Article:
As the Story is Told: Howard Agricultural Society

Howard Agricultural Society

District Fairs
From a paper written for Ridgetown District Agricultural Society, 1984.
Compiled by Mrs. Wayne Jackson.

As white settlement gradually opened up the southern part of Howard Township the same problems were to be met by these pioneers as faced by others all across Ontario. Survival depended on their ability to grow or raise food for their families. Other necessities were obtained only by trading what they could grow above and beyond their own needs.

Many of these men were soldiers or tradesmen who had little farming knowledge. Even the experienced farmer now had to cope with a different climate and type of soil than he was accustomed to. An added disadvantage was the lack of quality in their livestock and in the seed that they were able to obtain. At the township’s first public auction sale of sheep, which took place in 1853, the stock offered were so poor that they brought only 75c to $1.00 per animal. Farmers were advised to upgrade their animals if they expected more reasonable prices.

This, then, is the setting for the formation of the Howard Branch Agricultural Society in 1854.

With the improvement of the standard of crops and livestock as their goal, a group of men met in February, 1854, to frame the bylaws under which the people of the Township could join together in a co-operative organization. During the first year 114 memberships were collected at $1.00 each.

The first purchase made by the Society was to buy several rams which were placed equally across the township for use by the members. Great improvements in township flocks resulted from their use.

As improvements began to show up in their livestock and grain, the area farmers were keen to display their accomplishments. By comparing the farming practices that they used, the knowledge of those most successful was shared by all. The best opportunity for the exchange of ideas was at the local fair held annually in the fall and the plowing matches in the spring. The competition was high and taking home a first prize meant that a man gained respect in the community for his farming skills – that is, of course, if everyone agreed with the judge’s decision.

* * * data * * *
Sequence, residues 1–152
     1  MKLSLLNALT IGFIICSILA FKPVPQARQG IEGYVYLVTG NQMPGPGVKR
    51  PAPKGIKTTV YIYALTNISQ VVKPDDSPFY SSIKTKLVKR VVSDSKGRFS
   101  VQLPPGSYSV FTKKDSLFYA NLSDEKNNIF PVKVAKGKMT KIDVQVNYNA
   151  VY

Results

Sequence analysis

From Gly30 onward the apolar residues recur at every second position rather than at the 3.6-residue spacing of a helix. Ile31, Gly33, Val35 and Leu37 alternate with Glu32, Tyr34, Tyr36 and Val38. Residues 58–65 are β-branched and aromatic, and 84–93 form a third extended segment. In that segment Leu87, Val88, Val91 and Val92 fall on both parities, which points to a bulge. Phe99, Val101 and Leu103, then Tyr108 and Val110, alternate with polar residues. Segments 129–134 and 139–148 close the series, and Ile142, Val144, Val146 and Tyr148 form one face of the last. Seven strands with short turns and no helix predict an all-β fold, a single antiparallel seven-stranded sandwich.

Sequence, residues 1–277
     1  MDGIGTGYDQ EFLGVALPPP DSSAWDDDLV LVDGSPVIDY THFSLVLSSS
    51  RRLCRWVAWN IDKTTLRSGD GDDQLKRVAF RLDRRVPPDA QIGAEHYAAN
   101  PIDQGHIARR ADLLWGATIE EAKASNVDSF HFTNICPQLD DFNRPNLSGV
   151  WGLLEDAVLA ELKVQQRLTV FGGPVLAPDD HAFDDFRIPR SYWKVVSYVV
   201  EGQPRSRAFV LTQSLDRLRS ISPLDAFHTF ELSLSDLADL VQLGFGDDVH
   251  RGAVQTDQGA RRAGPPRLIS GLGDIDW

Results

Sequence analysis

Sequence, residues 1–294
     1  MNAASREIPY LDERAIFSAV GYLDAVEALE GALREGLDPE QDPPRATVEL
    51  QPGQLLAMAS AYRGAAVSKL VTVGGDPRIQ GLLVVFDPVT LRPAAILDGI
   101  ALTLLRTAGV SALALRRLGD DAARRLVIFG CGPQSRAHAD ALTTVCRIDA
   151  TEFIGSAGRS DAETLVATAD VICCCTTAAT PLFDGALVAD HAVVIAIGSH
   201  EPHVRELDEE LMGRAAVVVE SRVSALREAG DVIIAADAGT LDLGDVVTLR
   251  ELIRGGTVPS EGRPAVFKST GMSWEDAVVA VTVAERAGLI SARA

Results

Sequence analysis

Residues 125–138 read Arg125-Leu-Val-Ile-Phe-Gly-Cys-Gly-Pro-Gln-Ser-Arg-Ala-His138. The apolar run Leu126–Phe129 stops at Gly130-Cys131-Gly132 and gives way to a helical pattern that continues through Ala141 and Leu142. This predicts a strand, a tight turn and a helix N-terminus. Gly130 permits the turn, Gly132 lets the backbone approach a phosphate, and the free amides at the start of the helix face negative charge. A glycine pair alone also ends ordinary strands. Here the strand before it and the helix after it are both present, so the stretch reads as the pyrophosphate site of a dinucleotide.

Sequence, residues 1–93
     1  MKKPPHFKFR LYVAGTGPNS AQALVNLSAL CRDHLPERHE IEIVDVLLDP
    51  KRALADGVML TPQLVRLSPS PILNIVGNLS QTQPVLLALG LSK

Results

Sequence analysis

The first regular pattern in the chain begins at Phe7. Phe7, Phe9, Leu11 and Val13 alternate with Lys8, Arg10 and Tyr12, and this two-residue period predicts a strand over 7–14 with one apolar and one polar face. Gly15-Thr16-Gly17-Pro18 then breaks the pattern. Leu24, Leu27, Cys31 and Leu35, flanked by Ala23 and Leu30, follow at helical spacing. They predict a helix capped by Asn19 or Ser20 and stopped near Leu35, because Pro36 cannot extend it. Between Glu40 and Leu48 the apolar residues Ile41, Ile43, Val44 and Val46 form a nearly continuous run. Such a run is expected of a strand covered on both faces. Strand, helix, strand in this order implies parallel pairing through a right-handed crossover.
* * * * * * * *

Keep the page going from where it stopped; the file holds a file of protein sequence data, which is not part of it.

The first Howard Township Fair was held east of Morpeth on the farm of Cyrus Smith. Approximately 100 people attended with a total of 137 entries in classes such as sheep, swine, cattle, knitted goods, homespuns and home-cooking. It was a banner year as recalled by Mr. Freeman Green who at the age of 8 accompanied his father Levi Green. They travelled there from their home on the Eleventh Concession, by oxen and lumber wagon. Levi Green was the son of the original Freeman Green, who came to settle on Lot 77 TRS after the war of 1812-14.

On October 15, 1857, the first joint fair of the Howard and Orford Branch of Agricultural Societies was held in Morpeth, the two branches having joined during the year for financial reasons. During the next few years the fair location alternated between the townships.

In 1863 the exhibition was held in the drill hall in Morpeth. The society had donated $25.00 toward building this hall. The partnership of Orford and Howard however was dissolved in 1865. The year 1869 saw the first fair held in Ridgetown. By the following year the permanent exhibition ground was purchased for $400.

Down through the years the Agricultural Society has done much to influence farmers to try to better themselves to make this surrounding area a prosperous and fruitful area.

Van Wolde's House, Morpeth Ontario, former ticket booth from Ridgetown fairgrounds

Van Wolde’s House, Morpeth Ontario, former ticket booth from Ridgetown fairgrounds

Of local interest is the fact that the main portion of Mr. and Mrs. Ben Van Wolde’s home, which he has completely renovated, once served as the ticket office for the fairgrounds in Ridgetown. Mr. Stan Betts, now a retired music teacher living in Thamesville bought the building back in 1856 and moved it to his property at the top of the ravine along the paved road that stretches from Morpeth to the lake.

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3 thoughts on “As the Story is Told: Howard Agricultural Society

  1. Pingback: As the Story is Told: The Barn Raising | The Farmhouse Chronicles

  2. Pingback: As the Story is Told: Fishing Part 1 | The Farmhouse Chronicles

  3. Spent a lot of Saturday mornings at Mr. Betts’ house for music lessons. He taught many instruments. I know for sure he taught piano, guitar, accordion, banjo, and many wind instruments. If you had an instrument, he could teach you to play. Probably gained all that knowledge with the band he conducted.

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